On 28 July 2016, copyright law in the UK relating to mass produced artistic works changed. For artistic works where more than 50 copies are manufactured, the repeal of section 52 of the Copyright Designs and Patents Act 1988 (CDPA) means that the period of copyright protection will be extended from 25 years to the life of the creator plus 70 years. This will have a significant impact on the jewellery, furniture, homeware and publishing industries.

What’s new?

Previously under section 52, designers of artistic works where more than 50 copies were manufactured could only stop third parties creating replica products for 25 years. However, after 28 July 2016, and subject to the transitional provisions set out below, many artists and designers will benefit from copyright protection in their artistic works for the entirety of their life plus 70 years after their death. Although the changes are not retrospective, if an artistic work has the full length of copyright protection restored, the creator of the artistic work could seek to enforce restored copyright to prevent third parties producing replicas or otherwise infringing copyright in the artistic work or require the third party to negotiate a licence to use the artistic work.

Who can use the new law?

The change in the law is most likely to apply to creators of works of “artistic craftsmanship” as these are the most frequently industrially produced artistic works. To find out whether a work qualifies for copyright protection as a work of artistic craftsmanship involves considering the recent case law, which states that the court is likely to take into account the following factors:

  • the phrase “artistic craftsmanship” designates two requirements combined in the same work: artistic quality and craftsmanship;
  • “artistic” means it will have a real artistic or aesthetic quality and must be a work of art or fine art. Whether an article is artistic must be determined in light of evidence. This evidence could be evidence of the intentions of the maker, in particular whether or not he had the conscious purpose of creating a work of art; evidence from ordinary members of the public; expert evidence; whether the maker already has works to his name which are acknowledged to be artistic, and the level of aesthetic appeal;
  • “craftsmanship” presupposes special training, skill and knowledge for production;
  • the balance between functionality and artistic expression – it is suggested that the more a designer is constrained by functional requirements, the less likely it is to be deemed a work of artistic craftsmanship;
  • if the article is mass produced, this does not in itself preclude an item from being a work of artistic craftsmanship but it may cast doubt on whether it is truly one of artistic craftsmanship;
  • it is not enough for a work to look attractive to qualify for artistic craftsmanship.

Clearly, not all designs will benefit from any further period of copyright protection and it will be a matter of fact as to whether designer furniture, lamps or jewellery qualify as works of artistic craftsmanship. The court’s interpretation suggests that a hand graved, one-off piece of fine jewellery may be a work of artistic craftsmanship whereas mass produced items of jewellery manufactured for retail are unlikely to be works of artistic craftsmanship. Works in which protection has been conferred by the court also include hand-knitted woollen sweaters, a range of pottery and items of dinnerware.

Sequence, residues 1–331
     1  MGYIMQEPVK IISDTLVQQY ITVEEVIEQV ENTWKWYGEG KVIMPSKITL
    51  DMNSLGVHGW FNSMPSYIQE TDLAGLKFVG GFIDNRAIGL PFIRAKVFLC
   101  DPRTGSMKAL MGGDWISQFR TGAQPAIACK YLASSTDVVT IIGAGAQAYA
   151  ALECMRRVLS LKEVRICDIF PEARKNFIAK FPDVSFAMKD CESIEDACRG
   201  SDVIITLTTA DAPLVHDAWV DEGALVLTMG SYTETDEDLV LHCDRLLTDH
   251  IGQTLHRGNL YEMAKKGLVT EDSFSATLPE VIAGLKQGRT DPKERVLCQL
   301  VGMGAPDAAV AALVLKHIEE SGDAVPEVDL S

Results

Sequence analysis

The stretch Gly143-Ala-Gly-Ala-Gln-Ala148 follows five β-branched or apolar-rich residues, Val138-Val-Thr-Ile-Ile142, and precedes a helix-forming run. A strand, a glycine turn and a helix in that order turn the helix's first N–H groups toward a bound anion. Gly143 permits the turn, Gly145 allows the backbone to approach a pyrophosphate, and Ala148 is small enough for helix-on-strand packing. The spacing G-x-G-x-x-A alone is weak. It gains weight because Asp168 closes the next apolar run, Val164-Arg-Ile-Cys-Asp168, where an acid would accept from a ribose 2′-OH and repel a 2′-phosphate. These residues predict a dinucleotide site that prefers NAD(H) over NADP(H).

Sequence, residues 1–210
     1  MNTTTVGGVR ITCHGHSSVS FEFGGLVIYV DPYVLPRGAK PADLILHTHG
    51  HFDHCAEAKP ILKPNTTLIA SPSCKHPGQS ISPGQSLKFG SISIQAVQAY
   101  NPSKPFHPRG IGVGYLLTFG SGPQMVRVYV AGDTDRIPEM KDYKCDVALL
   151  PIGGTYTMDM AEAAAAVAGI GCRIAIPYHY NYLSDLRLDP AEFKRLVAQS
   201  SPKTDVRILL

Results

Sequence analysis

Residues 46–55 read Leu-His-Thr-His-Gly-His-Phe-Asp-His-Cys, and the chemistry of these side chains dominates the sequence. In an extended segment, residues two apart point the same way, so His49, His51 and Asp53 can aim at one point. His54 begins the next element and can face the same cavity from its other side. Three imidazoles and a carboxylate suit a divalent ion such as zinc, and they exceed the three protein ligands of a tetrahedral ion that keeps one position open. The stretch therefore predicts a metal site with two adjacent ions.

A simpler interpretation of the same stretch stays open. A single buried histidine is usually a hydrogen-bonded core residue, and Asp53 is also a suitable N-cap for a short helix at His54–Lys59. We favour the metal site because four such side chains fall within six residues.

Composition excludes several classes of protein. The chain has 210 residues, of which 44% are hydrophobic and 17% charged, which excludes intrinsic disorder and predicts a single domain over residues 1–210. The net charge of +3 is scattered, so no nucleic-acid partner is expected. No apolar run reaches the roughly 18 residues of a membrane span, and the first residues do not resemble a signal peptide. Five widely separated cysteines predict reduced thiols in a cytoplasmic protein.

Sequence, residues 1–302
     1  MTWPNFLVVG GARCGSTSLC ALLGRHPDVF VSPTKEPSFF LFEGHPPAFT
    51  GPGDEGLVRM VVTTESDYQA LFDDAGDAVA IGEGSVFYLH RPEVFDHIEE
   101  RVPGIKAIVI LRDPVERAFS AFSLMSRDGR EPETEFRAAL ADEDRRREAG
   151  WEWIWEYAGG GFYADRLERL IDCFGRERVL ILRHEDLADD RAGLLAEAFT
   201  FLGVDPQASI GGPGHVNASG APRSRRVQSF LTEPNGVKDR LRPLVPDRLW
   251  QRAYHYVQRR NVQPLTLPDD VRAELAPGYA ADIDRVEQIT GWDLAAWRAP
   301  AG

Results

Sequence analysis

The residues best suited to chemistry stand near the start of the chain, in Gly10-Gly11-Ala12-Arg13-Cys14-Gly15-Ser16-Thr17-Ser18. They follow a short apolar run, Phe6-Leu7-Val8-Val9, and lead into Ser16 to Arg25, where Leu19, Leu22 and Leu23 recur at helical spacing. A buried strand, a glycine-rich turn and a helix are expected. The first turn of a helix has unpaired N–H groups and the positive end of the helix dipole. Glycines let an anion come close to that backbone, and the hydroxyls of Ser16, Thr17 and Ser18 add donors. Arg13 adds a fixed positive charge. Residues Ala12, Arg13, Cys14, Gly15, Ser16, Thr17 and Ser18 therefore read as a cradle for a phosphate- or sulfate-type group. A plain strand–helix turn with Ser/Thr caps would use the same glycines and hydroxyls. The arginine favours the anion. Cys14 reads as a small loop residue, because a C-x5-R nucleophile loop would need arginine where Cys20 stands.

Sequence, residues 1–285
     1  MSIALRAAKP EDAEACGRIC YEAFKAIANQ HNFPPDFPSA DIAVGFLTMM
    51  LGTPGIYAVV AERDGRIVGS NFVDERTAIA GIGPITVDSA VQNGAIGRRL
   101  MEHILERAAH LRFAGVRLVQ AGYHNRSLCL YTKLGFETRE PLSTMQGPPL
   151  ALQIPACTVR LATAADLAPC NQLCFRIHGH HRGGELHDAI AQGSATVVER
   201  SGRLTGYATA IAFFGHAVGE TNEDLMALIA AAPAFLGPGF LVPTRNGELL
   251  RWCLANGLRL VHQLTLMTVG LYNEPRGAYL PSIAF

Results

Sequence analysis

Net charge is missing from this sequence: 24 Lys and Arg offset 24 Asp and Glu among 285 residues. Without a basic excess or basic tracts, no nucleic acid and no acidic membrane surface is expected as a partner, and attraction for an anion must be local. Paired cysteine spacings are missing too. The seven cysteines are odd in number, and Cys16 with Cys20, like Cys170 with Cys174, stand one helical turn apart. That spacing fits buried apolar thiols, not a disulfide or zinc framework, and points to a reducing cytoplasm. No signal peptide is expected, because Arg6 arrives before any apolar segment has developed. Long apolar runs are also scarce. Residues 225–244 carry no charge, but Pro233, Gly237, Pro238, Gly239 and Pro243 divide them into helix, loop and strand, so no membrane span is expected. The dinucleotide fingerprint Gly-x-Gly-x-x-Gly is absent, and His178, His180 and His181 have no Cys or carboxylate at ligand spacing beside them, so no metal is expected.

What should you consider?

The repeal will not only have an impact on right holders of relevant artistic works but also businesses or individuals that have copied relevant artistic works. For those that have legally based their products on pre-existing artistic works that were no longer protected, consideration should be given as to whether those pre-existing artistic works will benefit from the new, longer period of copyright protection. If so, it will be necessary to adapt those products so that they do not infringe the right holder’s copyright.

Publishers will also need to consider whether any of their publications contain 2D copies of artistic works in which copyright protection has been restored.

Timescales for new law

Section 52 was repealed on 28 July 2016. However, there will be a transitional period that intends to allow those selling copies to sell through or destroy the copies (depletion). The timescales are as follows:

  • any copy which was manufactured or imported on or before 28 October 2015 may be sold until 28 January 2017;
  • any copy which was manufactured or imported after 28 October 2015 but under a contract entered into before 28 October 2015 may be sold until 28 January 2017;
  • any copy manufactured or imported under a contract entered into after 28 October 2015 but before 27 July 2016 must be sold by 28 July 2016;

After the relevant depletion date, third parties must request permission from the right holder to manufacture or import copies.